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Home Services Prognosis - Diagnosis Gene expression (quantitative assessment) of tumor suppressor genes
Gene expression (quantitative assessment) of tumor suppressor genes PDF Print E-mail
Friday, 26 November 2010 22:47

 

  • P53

p53 (also known as protein 53 or tumor protein 53), is a tumor suppressor protein that in humans is encoded by the TP53 gene. p53 is crucial in multicellular organisms , where it regulates the cell cycle and, thus, functions as a tumor suppressor that is involved in preventing cancer. p53 has many mechanisms of anticancer function, and plays a role in apoptosis, genomic stability, and inhibition of angiogenesis . If the P53 gene is damaged, tumor suppression is severely reduced.

  • NF1 (neurofibromas, sarcomas, gliomas)
  • NF2 (Schwann cell tumors, astrocytomas, meningiomas, ependymonas)
  • STAT3 (many cancers)
  • P16INK4a (many cancers)
  • BRCA1 (breast and ovarian cancer)

BRCA1 (breast cancer 1), is a human caretaker gene that produces a protein called breast cancer type 1 susceptibility protein, responsible for repairing DNA. Certain variations of the BRCA1 gene lead to an increased risk for breast cancer as part of a hereditary breast-ovarian cancer syndrome. There have been identified hundreds of mutations in the BRCA1 gene, many of which are associated with an increased risk of cancer. Women with an abnormal BRCA1 gene have up to a 60% risk of developing breast cancer by age 90, while increased risk of developing ovarian cancer is about 55% for women with BRCA1 mutations. In addition to breast cancer, mutations in the BRCA1 gene also increase the risk of ovarian, fallopian tube, and prostate cancers. Mutations in BRCA1 are uncommon, and breast cancer is relatively common, so these mutations consequently account for only five to ten percent of all breast cancer cases in women. BRCA mutations can increase the risk of other cancers, such as colon cancer, pancreatic cancer, and prostate cancer. BRCA1 is a multifunctional protein that has been implicated in many normal cellular functions such as DNA repair, transcriptional regulation, cell-cycle checkpoint control and ubiquitination. Consequently, the presence or absence of functional BRCA1 has a significant effect on cellular response to chemotherapy. It was initially reported that overexpression of BRCA1 in human breast cancer cell lines resulted in increased resistance to cisplatin. Furthermore, antisense inhibition of endogenous BRCA1 expression promoted increased sensitivity to cisplatin that was associated with decreased DNA repair by NER and increased apoptosis. In addition, abrogation of BRCA1 protein expression using mRNA-specific ribozymes in HBL100 breast cancer cells resulted in increased sensitivity to both cisplatin and etoposide.

  • BRCA2 (breast and ovarian cancer)

BRCA2 like BRCA1 is a human gene that belongs to a class of genes known as tumor suppressors.In normal cells, BRCA1 and BRCA2 help ensure the stability of the cell’s genetic material (DNA) and help prevent uncontrolled cell growth. Mutation of these genes has been linked to the development of hereditary breast and ovarian cancer. Not all gene changes, or mutations, are deleterious (harmful). Some mutations may be beneficial, whereas others may have no obvious effect (neutral). Harmful mutations can increase a person’s risk of developing a disease, such as cancer.A woman's risk of developing breast and/or ovarian cancer is greatly increased if she inherits a deleterious (harmful) BRCA1 or BRCA2 mutation. Men with these mutations also have an increased risk of breast cancer. Both men and women who have harmful BRCA1 or BRCA2 mutations may be at increased risk of other cancers. If a harmful BRCA1 or BRCA2 mutation is found, several options are available to help a person manage their cancer risk. In a family with a history of breast and/or ovarian cancer, it may be most informative to first test a family member who has breast or ovarian cancer. If that person is found to have a harmful BRCA1 or BRCA2 mutation, then other family members can be tested to see if they also have the mutation.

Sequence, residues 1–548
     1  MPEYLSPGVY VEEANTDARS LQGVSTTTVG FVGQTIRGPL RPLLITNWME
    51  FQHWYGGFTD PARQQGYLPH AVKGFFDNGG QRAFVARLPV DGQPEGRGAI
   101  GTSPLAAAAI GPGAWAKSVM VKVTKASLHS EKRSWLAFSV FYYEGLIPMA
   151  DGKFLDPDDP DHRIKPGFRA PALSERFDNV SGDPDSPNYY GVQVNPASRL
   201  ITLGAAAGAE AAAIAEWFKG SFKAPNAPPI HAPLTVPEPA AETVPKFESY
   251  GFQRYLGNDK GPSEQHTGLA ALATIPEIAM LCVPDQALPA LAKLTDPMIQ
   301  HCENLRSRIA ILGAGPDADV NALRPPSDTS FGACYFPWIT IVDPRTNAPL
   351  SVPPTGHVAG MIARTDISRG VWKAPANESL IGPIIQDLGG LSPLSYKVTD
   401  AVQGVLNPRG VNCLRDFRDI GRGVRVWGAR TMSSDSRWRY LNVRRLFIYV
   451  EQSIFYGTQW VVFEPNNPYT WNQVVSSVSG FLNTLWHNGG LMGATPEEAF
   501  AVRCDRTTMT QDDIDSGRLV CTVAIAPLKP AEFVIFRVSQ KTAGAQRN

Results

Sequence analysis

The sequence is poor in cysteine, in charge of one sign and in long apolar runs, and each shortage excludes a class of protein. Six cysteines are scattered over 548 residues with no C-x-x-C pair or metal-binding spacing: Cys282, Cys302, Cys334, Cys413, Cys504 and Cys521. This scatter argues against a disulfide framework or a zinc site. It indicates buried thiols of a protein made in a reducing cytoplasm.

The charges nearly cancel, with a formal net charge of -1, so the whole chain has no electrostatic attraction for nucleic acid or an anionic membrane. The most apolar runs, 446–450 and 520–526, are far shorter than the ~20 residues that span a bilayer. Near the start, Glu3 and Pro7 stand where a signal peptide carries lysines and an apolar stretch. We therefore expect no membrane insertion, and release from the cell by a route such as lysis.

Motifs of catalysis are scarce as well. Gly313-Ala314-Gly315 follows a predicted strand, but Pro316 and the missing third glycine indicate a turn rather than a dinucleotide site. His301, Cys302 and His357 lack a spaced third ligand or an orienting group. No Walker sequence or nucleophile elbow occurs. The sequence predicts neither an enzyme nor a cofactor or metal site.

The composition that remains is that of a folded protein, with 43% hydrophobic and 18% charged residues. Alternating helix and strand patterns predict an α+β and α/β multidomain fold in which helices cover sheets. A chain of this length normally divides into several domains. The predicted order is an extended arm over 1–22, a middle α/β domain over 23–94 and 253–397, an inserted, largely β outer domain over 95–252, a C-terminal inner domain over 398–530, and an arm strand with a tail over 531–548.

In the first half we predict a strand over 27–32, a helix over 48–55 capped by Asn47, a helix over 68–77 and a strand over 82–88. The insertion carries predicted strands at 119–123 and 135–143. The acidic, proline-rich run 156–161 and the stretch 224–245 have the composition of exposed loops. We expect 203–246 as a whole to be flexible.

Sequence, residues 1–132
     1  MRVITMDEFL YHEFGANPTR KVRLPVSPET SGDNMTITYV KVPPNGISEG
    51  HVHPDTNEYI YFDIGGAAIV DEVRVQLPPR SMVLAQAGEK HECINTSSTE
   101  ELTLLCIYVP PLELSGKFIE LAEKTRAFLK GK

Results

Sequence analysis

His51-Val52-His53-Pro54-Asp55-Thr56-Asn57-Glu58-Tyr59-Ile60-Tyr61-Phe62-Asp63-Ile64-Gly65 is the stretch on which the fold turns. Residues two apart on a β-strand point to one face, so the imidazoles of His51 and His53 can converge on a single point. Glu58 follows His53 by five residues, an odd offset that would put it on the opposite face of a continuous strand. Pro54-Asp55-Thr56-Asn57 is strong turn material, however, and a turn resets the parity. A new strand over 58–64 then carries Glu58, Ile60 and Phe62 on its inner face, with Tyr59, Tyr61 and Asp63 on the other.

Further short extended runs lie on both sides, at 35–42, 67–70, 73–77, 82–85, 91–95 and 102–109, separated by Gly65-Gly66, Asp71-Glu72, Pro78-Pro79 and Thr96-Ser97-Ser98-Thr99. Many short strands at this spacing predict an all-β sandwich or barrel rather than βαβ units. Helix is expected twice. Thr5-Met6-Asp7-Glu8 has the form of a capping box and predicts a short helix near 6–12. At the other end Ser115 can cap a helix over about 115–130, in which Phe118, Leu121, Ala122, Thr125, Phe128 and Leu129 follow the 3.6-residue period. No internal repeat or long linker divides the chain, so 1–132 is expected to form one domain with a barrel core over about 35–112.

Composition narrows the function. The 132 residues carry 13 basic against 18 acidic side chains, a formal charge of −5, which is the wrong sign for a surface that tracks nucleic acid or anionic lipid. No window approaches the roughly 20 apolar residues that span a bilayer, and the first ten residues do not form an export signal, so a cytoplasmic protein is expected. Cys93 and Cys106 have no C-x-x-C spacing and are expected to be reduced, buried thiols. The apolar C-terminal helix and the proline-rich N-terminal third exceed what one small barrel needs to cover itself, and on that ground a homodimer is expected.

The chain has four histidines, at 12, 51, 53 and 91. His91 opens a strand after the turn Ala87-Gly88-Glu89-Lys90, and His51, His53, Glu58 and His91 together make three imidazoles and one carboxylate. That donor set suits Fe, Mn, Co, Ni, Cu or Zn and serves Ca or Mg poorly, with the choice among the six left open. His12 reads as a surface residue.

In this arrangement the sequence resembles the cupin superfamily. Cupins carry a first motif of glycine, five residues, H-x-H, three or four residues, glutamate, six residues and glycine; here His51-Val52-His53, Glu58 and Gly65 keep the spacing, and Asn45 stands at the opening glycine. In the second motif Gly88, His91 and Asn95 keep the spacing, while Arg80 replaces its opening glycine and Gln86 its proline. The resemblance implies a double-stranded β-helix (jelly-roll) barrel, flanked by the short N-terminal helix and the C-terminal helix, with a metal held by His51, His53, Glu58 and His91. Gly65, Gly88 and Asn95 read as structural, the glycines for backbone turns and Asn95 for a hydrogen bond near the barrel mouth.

• PTEN

Phosphatase and tensin homolog ( PTEN ) is a protein that, in humans, is encoded by the PTEN gene .Mutations of this gene are a step in the development of many cancers . PTEN acts as a tumor suppressor gene. When the PTEN enzyme is functioning properly, it acts as part of a chemical pathway that signals cells to stop dividing and can cause cells to undergo programmed cell death ( apoptosis ) when necessary. These functions prevent uncontrolled cell growth that can lead to the formation of tumors. There is also evidence that the protein made by the PTEN gene may play a role in cell movement (migration) and adhesion of cells to surrounding tissues. PTEN is one of the most commonly lost tumor suppressors in human cancer. During tumor development, mutations and deletions of PTEN occur that inactivate its enzymatic activity leading to increased cell proliferation and reduced cell death. Frequent genetic inactivation of PTEN occurs in glioblastoma, endometrial cancer, and prostate cancer; and reduced expression is found in many other tumor types such as lung and breast cancer. Up to 70 percent of men with prostate cancer have lost one copy of the PTEN gene at the time of diagnosis. PTEN mutation also causes a variety of inherited predispositions to cancer. Mutations in the PTEN gene cause several other disorders that, like Cowden syndrome, are characterized by the development of noncancerous tumors called hamartomas .

 

  • CDH1 (gastric cancer, lobular breast cancer)
  • MEN1 (parathyroid and pituitary adenomas, islet cell tumors, carcinoid)
 

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